Recently I attended Thesis Asset Management’s annual adviser conference: In Pursuit of Excellence: Helping Advisers Build Better Businesses.

Over the coming weeks I will share insight from each of the presentations I sat in on. This week I will commence the series with a review of the session presented by Rory Percivall, ex-FCA Technical Specialist, titled Risk Profiling: pitfalls and solutions.

The team at DISCUS know Rory quite well, and he presented at our very first event on discretionary due diligence. In his presentation, and the discussion that followed, he highlighted the risks associated with mapping a client’s attitude to risk with a suitable portfolio (read a summary of the points he raised here).

We understand that this is a key focus area for Rory and during his presentation at the Thesis conference he shared some of his preliminary findings from the research report he will release later this year.

Below you will find a summary of the seven key issues Rory identified that advisers should be mindful of when risk profiling clients.

1. Results don’t always match the client’s answers

When assessing a client’s attitude to risk, in certain cases, the output of the risk profiling tool might not align to the client’s answers to the questions. Where this happens, it is recommended that the adviser explains why the inconsistency has occurred and make a record of their clarification to the client.

2. Contradictory client answers

Advisers may find that the client’s answers to the risk profiling questionnaire are contradictory. For example, the client might answer some questions suggesting they have a low risk tolerance and others that indicate a higher risk appetite. To make sure an accurate risk profile can be applied, Rory recommends that advisers clarify what the client means by their responses and record it.

Rory stressed the importance of clarification:


“Clarification is key, and without it the client’s attitude to risk will not be clear”.


Furthermore, as an adviser, if you haven’t clarified contradictory responses then you will not have demonstrated the suitability of your portfolio recommendations.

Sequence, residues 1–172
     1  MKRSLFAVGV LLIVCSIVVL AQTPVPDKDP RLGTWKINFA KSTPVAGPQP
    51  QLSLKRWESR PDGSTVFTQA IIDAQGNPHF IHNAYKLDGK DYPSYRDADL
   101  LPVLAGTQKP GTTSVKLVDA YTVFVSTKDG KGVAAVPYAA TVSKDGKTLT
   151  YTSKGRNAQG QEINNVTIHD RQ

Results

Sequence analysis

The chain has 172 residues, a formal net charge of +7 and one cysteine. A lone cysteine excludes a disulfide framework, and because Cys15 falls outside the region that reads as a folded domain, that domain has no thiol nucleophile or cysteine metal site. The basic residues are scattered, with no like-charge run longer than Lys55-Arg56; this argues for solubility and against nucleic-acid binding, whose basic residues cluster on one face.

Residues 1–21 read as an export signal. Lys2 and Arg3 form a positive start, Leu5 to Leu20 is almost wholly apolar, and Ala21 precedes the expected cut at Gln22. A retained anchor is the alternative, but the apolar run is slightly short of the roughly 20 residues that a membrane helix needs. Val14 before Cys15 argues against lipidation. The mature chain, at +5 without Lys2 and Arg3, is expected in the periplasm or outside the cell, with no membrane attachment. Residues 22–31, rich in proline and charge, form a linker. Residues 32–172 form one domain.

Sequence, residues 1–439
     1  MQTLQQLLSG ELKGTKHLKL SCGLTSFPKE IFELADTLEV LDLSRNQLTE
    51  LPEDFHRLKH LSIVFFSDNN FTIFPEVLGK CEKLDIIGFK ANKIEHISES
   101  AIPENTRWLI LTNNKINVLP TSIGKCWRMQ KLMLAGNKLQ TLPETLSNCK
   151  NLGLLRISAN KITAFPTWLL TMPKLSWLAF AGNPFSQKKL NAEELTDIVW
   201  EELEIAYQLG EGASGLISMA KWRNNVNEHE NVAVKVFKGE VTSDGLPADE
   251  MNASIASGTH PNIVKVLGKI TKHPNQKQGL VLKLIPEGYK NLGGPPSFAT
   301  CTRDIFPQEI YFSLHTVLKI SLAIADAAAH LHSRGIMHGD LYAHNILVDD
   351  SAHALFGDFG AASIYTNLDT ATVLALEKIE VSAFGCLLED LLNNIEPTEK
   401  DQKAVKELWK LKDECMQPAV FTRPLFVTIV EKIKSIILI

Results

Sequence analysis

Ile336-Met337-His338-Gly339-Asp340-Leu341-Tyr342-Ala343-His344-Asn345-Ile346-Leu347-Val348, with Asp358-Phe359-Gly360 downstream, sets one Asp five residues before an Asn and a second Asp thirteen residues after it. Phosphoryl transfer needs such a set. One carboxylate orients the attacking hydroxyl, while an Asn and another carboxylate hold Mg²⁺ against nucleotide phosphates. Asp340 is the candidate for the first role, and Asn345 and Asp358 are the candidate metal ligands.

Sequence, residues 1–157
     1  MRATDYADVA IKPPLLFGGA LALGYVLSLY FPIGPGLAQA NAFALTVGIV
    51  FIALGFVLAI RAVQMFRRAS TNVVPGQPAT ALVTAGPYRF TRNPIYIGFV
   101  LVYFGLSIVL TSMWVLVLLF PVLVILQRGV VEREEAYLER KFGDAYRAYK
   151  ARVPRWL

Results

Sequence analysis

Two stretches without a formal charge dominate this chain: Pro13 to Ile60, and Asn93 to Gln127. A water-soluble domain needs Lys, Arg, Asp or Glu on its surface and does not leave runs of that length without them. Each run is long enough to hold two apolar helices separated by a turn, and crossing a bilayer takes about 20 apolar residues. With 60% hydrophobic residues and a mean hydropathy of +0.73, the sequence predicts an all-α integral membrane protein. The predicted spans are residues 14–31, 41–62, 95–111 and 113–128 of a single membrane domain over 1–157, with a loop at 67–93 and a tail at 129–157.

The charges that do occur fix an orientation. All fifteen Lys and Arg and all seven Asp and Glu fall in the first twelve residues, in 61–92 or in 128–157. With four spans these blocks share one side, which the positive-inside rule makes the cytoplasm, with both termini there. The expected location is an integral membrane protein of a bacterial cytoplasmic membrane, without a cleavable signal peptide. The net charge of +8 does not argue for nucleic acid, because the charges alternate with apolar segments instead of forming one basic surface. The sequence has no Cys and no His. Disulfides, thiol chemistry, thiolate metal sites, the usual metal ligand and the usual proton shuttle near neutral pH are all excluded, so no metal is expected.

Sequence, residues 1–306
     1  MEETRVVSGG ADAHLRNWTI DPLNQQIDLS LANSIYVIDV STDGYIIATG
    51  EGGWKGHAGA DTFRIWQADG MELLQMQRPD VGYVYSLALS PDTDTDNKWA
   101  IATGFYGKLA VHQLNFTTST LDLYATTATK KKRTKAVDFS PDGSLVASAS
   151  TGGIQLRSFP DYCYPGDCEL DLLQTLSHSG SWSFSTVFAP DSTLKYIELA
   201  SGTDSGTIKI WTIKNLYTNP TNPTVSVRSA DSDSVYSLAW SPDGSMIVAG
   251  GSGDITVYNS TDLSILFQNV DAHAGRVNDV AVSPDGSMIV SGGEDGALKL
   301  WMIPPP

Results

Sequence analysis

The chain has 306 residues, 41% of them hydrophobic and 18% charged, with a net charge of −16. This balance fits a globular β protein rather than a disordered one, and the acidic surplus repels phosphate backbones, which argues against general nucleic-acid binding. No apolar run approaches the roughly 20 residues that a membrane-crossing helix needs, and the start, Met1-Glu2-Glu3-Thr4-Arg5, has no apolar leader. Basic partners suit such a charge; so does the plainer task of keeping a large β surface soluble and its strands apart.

3. Unclear categorisation

Within the risk descriptions on risk profiling tools, often the categorisation of risk is unclear. Rory commented:


“Descriptions need to be adequately clear for the client to comprehend what the investment journey might look like. For this to be possible, there needs to be some sort of quantification. A view of what the ups and downs will look like.”


4. Capacity for loss

One of the weakest areas for advisers when assessing a client’s attitude to risk is factoring in their capacity for loss. It is important to place a number on this answer, as it is not an emotional response.

5. Reviewing risk profiling tools

During the talk Rory shared several key points from his upcoming report. Released in July, his paper will focus on the six commonly used tools for risk profiling and assesses them against Finalised Guidance 11/5, Assessing suitability: Establishing the risk a customer is willing and able to take and making a suitable investment selection.

Rory gave some insight into what he has found so far, especially his concerns surrounding ‘middle answers’ and scoring.

6. ‘Middle answers’

‘Middle answers’ are answers where clients are given a series of possible responses across a range from ‘strongly agree’ to ‘strongly disagree’.

When clients don’t understand the question or do not have a view on the answer, they have a tendency to choose the middle option. The middle option however doesn’t necessarily accurately reflect what their risk profile is.

In his analysis, Rory commented


“I will be highlighting cases where people may answer questions in different ways and what advisers can do about it, especially regarding questions that clients may not answer in the right way for reasons unrelated to their risk profile.”


7. Scoring

Another significant area of concern is scoring, particularly the way the weights can work for a risk profiler, especially where certain factors fundamentally change the way the scoring is applied.

For example, Rory said he had seen a tool where if the adviser indicated that the client wished to invest for the long term, then an assumption was made that the client was therefore high risk – this is obviously nonsense.

Rory concluded his talk by informing the audience that his guide will highlight what advisers need to consider, and the actions they need to take, to ensure suitability and appropriate disclosure.


“There’s a ‘how to’ element to it, which hopefully will be useful to people.”



Stay tuned for further insights from the event, with a spotlight on specific topics of interest to our readers. We will also share Rory’s guide as soon as it becomes available (with his permission of course!).

If you have any comments or questions, please post in the space below.


This article was created for the DISCUS website based on the Thesis Asset Management event In pursuit of excellence: helping advisers build better businesses. To find out more about their discretionary investment services please visit the Thesis dedicated page ›